So if quantum computers are on the way should beginner programmers already keep that in mind and do something differently in their learning? I mean are there any programming languages, strategies or technologies that will soon become "too old" to start learning now?
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The basics of imperative programming have been the same since the 1950s. New techniques, e.g. structured programming, functional programming, object‑oriented programming, have been added since. (Actually Lisp introduced functional programming in 1958). So I would think all programmers will still have to learn the same basics. I can't see any programming paradigm disappearing.
Hi Stella! Thank you so much for posting your question.
Programming Languages: Regarding programming languages, none of them become "too old" due to the emergence of QPUs (quantum processing units). Whether you're reading this reply on a phone or a computer, your machine has a GPU (graphics processing unit) handling graphics functions. That GPU has a special instruction set the CPU doesn't understand, but when you write programs you can still use all of the existing languages. Same thing with a QPU. When you need to access the special (QPU or GPU) functions, you call a library, which uses drivers made by the device manufacturer.
Do something differently: For quantum computing, the new things to learn involve identifying what kinds of problems are suited for QC, and how to implement solutions for those. That's what our book covers. Like GPUs, the new functions are really interesting, but they don't stop anyone from learning the essentials of programming, and being able to make their own software.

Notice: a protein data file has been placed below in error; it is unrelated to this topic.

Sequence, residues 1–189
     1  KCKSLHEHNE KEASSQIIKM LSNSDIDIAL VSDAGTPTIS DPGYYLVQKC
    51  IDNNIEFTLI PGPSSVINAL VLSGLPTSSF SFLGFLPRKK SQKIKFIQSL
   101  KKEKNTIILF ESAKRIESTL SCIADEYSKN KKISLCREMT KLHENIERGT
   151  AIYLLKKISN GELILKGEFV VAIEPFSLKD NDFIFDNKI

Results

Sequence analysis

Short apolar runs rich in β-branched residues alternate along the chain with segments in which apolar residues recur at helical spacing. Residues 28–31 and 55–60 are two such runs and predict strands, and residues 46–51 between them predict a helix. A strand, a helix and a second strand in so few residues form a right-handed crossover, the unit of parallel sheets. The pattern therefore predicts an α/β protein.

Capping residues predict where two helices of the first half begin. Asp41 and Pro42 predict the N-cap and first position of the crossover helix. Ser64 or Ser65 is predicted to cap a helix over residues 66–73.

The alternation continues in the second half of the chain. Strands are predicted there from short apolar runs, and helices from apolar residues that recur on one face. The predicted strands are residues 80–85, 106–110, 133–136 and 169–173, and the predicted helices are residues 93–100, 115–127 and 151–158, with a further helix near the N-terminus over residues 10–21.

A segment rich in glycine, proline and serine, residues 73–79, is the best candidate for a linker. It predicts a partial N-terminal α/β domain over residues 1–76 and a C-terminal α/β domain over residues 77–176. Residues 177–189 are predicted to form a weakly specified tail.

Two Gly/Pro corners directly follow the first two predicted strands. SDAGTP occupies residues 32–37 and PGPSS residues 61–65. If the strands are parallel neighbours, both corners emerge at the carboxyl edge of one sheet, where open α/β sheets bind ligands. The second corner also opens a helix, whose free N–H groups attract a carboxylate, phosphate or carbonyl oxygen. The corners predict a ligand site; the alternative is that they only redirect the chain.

Sort Algorithms: This is a really interesting topic. There is a great deal of recent research on using QPUs to sort information, including this Cardinal, Joret, Roland paper just published last February. However many of the key QPU algorithms and functions involve solving problems (search and others) without the need to sort at all. While a CPU might spend time shuffling items in a list to learn which three are at the top, a QPU can run its program and then retrieve the top results more quickly. Although which result is returned is random, it's weighted by probability, so the closer an item would have been to the top of the sort, the more likely it is to come out as the answer. In the QC community, it's common practice to run programs more than once to produce a selection of the most probable results.
In the book, lots of information and hands-on code can be found in chapters 6 and 10, including really good code ready-to-run samples such as this one.
Regarding BogoSort (a diabolically random sorting algorihm), I don't think that'll be better than using one of the QPU algorithms designed to make sorting unnecessary, but I'm always ready to be proven wrong. :]